Rafael Nadal, Maria Sharapova and the Winners and Losers at 2014 Madrid Masters

Jeremy EcksteinFeatured ColumnistMay 12, 2014

Rafael Nadal, Maria Sharapova and the Winners and Losers at 2014 Madrid Masters

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    Daniel Ochoa de Olza/Associated Press

    The 2014 Madrid Masters had unpredictable twists, but Rafael Nadal and Maria Sharapova were familiar names in the winner’s circle. Was Rafael Nadal just lucky? His Uncle Toni had a few things to say about that.

    Madrid also gave more experience to rising stars Simona Halep and Kei Nishikori. Will either of them finish their climb with the French Open title?

    There were also interesting comments from Andre Agassi, though nothing to enlighten the ongoing and irresolvable Greatest of All Time debate. Why is this topic really just a lot of hot air and smoke?

    And we look ahead to the Italian Open, hoping that a healthy Novak Djokovic and a rested Roger Federer can throw their competitive fire into the Roman arena.

    This is our weekly Winners and Losers column, where we look at the unusual, disappointing and triumphant happenings in tennis.

Loser: Stanislas Wawrinka

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    Andres Kudacki/Associated Press

    Stanislas Wawrinka was a favorite choice by many to win the Madrid Masters. With Novak Djokovic sidelined by a wrist injury, Wawrinka had an easy draw to the final, or so it seemed.

    And then he was out in his first match, losing to young Dominic Thiem, a player who almost appears as a mirror image of Wawrinka. The 1-6, 6-2, 6-4 result was a stunning reversal of poise and power from Wawrinka to young Thiem. The young Austrian admitted in SI.com: "I couldn’t really handle his pace in the beginning, but I got used to it and played unbelievable in the second and third set."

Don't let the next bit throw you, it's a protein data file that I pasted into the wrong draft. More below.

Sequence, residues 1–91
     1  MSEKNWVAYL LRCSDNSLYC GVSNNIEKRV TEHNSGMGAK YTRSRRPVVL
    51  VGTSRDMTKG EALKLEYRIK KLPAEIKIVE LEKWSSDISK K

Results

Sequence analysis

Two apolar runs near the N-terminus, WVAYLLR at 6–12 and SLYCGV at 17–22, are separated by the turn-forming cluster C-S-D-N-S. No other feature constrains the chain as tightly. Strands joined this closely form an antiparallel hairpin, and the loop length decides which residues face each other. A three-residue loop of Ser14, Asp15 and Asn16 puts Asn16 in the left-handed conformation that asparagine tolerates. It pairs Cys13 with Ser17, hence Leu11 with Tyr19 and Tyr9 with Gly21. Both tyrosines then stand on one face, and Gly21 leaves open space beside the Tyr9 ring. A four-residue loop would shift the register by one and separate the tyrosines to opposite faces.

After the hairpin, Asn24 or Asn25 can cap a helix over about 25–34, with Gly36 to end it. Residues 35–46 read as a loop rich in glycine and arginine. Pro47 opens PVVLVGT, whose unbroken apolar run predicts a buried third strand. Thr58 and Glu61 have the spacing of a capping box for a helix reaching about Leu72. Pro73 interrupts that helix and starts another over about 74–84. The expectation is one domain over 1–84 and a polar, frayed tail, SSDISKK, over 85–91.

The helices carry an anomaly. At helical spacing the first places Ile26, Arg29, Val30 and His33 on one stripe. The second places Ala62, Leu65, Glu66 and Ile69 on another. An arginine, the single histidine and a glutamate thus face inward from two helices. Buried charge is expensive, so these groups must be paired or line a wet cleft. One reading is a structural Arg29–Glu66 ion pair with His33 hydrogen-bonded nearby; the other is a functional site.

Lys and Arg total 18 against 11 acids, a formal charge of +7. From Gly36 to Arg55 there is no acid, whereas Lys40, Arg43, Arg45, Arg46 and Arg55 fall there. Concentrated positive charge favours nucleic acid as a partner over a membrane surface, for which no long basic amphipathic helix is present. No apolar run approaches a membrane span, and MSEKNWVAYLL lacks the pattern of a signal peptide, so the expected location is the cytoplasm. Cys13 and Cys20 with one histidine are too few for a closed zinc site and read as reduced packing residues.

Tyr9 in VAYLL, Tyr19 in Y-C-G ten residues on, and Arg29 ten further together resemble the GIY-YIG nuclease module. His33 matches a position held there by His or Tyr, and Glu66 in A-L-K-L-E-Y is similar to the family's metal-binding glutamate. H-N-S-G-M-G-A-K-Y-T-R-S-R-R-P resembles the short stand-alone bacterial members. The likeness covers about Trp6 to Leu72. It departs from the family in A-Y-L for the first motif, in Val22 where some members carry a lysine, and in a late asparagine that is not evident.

Credit Thiem for his continued rise up the ATP rankings (No. 61) and for another glimpse at the future of tennis. He has the power, shots and, so far, the kind of competitive capability to challenge the best. Only time will measure his development.

    Wawrinka is by no means a fluke for the Australian Open and Monte Carlo Masters titles he won this year, but he's not a lock to go deep in every tournament the way we've seen the Big Three so often accomplish over the past decade. He will need to shore up his big-match intensity for the early rounds, play with reckless control and put himself in more positions to keep bidding for final-weekend trophies.

    Madrid was a setback not a final analysis. Rome will be a more important tune-up for Wawrinka in order to keep the good feelings alive for a run at the French Open title.

Winner: Roger Federer

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    Mark J. Terrill/Associated Press

    Meanwhile, the other Swiss dropped Madrid to be present for the birth of his second set of twins. This is certainly the biggest prize of the week for Roger Federer, but it's good news for tennis fans as well.

    Federer's agent Tony Godsick announced on ATP World Tour that the Swiss champion will play in the French Open. He might even arrive at Rome and play in the Italian Open.

    In theory, Federer should arrive fresh and ready to compete at the French Open, though who knows how many sleep-interrupted nights could dip into his reserve. Two years ago, The New York Times noted that Federer wants 10 hours of sleep a night, if possible:

    I did sleep in the last couple of days. For me that’s a big part of the puzzle: to be coming rested into these tournaments. There’s nothing worse than feeling great for 90 percent of the time but then not when it counts the most—the last 10 percent when you’re like, Ugh. I’m exhausted